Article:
About half to three quarters of new mothers experience some anxiety, mood swings, and sleep problems for a few days or even a few weeks after giving birth. After all, a new baby is a big responsibility, and represents a major change for a family. This is common enough to have a name, the baby blues.
On the other hand, postpartum depression is more intense and can interfere with a mother’s ability to take care of her child. Depending upon the state where the mother resides, postpartum depression occurs in 1 in 5 to 1 in 8 new mothers. Women who have suffered depression, particularly postpartum depression, earlier in life, or who have family members treated for depression are especially susceptible. Causes are not fully understood, but lowered levels of estrogen and progesterone, female hormones that go down with birth, are thought to contribute. Lowered levels of thyroid hormone can cause fatigue. Stressful situations, such as multiple births, marital problems, sick infants, birth complications, and being a teenage mother can raise the risk of post-partum depression.
Signs and symptoms of postpartum depression are:
- Depressed mood, severe mood swings, feelings of hopelessness
- Inability to bond with baby
- Fear of not being a good mother or of inadequacy
- Changes in appetite; either poor appetite or overeating
- Frequent crying
- Intense anger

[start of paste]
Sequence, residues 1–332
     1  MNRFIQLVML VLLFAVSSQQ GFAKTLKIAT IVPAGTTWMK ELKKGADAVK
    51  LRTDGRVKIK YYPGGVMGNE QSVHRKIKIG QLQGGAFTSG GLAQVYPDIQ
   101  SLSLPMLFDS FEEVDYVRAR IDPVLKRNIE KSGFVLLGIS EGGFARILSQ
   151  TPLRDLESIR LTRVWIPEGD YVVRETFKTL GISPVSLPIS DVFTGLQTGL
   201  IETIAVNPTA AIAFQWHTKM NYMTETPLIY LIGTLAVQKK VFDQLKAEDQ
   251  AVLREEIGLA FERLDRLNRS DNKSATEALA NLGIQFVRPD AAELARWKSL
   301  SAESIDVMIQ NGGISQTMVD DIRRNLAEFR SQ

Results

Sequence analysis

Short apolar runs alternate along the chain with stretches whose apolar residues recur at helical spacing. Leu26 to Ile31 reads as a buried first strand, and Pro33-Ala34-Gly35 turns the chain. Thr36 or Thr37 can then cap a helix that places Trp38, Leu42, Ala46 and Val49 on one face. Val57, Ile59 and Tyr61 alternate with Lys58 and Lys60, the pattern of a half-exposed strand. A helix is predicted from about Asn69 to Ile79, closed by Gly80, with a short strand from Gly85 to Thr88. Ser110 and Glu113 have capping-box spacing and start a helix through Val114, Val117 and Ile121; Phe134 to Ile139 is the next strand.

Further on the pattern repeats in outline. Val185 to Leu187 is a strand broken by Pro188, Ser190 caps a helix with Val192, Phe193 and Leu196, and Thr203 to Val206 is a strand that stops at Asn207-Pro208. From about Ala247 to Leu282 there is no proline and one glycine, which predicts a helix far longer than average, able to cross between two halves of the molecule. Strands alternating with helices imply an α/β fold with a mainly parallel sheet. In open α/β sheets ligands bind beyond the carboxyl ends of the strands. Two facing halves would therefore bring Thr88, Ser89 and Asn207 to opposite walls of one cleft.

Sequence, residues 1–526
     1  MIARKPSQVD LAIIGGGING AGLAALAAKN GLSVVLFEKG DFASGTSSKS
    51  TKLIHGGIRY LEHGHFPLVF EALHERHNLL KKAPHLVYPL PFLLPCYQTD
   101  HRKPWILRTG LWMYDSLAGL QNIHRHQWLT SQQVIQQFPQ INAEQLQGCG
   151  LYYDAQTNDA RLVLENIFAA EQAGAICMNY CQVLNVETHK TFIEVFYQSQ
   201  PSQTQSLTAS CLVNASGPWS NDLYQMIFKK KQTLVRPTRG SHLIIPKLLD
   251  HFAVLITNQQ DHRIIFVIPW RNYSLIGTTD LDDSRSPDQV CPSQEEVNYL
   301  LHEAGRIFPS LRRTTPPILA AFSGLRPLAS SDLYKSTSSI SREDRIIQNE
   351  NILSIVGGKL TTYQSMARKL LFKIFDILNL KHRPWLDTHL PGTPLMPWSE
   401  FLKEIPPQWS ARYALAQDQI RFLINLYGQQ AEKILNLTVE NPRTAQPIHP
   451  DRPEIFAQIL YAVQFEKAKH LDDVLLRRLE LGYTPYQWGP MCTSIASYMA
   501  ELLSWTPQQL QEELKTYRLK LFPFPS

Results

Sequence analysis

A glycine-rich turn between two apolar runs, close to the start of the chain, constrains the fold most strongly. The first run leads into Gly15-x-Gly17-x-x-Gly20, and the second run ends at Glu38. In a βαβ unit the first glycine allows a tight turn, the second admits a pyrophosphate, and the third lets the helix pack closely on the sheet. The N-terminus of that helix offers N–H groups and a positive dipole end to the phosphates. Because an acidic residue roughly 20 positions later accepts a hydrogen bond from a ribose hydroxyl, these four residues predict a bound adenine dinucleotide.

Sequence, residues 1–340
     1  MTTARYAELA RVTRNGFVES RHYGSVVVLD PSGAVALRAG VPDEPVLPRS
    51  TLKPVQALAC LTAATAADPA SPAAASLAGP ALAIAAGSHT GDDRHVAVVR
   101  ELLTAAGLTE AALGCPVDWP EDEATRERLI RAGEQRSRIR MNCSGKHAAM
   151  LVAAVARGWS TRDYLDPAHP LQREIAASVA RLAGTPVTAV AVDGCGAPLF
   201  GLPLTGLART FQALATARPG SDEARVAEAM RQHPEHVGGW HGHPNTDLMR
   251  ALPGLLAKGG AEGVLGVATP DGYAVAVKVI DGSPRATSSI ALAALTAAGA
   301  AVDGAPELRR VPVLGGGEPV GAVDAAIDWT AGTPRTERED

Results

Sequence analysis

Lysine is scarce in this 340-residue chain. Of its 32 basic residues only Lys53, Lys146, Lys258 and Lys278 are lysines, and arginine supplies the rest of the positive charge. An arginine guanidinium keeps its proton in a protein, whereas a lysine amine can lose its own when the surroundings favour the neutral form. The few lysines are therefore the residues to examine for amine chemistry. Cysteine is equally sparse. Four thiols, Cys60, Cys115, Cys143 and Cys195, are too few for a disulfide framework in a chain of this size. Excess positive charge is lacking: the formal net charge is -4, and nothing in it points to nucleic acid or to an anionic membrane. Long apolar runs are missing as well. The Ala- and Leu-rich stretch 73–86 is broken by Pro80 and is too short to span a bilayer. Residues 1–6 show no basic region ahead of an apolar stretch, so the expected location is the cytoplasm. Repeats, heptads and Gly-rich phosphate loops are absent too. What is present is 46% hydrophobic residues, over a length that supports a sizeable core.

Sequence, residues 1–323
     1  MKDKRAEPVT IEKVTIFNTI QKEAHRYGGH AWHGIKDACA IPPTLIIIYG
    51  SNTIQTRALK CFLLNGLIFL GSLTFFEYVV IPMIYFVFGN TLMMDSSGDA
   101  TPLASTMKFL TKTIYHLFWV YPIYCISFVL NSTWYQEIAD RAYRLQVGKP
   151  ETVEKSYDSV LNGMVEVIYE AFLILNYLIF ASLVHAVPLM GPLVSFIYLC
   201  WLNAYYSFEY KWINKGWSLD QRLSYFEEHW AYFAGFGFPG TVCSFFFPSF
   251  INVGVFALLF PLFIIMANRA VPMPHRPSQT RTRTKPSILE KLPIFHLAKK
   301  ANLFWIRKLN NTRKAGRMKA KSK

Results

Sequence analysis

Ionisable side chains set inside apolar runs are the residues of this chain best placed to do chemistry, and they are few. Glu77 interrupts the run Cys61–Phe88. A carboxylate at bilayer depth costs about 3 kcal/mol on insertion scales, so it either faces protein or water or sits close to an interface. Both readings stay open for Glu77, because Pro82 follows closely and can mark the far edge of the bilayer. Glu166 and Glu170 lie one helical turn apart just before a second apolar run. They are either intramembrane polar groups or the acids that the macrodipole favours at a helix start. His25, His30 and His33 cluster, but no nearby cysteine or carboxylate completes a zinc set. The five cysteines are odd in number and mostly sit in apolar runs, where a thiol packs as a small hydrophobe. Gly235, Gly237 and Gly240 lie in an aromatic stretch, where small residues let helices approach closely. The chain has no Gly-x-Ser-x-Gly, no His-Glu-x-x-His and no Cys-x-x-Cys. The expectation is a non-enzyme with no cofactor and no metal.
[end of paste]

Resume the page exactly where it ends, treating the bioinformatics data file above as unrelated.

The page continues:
- Restlessness or insomnia
- Feeling tired or sleeping too much
- Thoughts of harming oneself or baby, or thoughts of death
- Severe anxiety or panic
- Withdrawal from family and friends
- Loss of pleasure in formerly interesting activities
- Difficulty concentrating
If these signs and symptoms go on longer than two weeks, or if there are thoughts of suicide or of harming the baby, it is important to seek help the National Suicide Prevention Hotline number is 1-800-273-8255. Or you may prefer to chat with them online at suicidepreventionlifeline.org/chat.
In 2019 the U.S. Food and Drug Administration (FDA) approved the first drug designed specifically for treating postpartum depression. Zulresso (brexanolone) is given intravenously (IV) over a period of 60 hours. Patients must be hospitalized for this medication to be administered. In two studies, one looking at patients with severe depression and one looking at patients with moderate depression, brexanolone patients improved more than placebo patients. Their improved mood lasted at least 30 days, when they were seen for follow-up.
Other antidepressants, used for major depressive disorder, have also been used successfully. The following is a list of serotonin reuptake inhibitors (SSRIs). They work by increasing the molecule serotonin in the space between cells in the brain. This enables brain cells to communicate. Examples of antidepressants are:
- Prozac (fluoxetine) 10 to 60mg/day, by mouth
- Zoloft (sertraline) 50 to 200mg/day, by mouth
- Paxil (paroxetine) 20 to 60mg/day, by mouth
- Celexa (citalopram) 20 to 60mg/day, by mouth
- Lexapro (escitalopram) 10 to 20mg/day, by mouth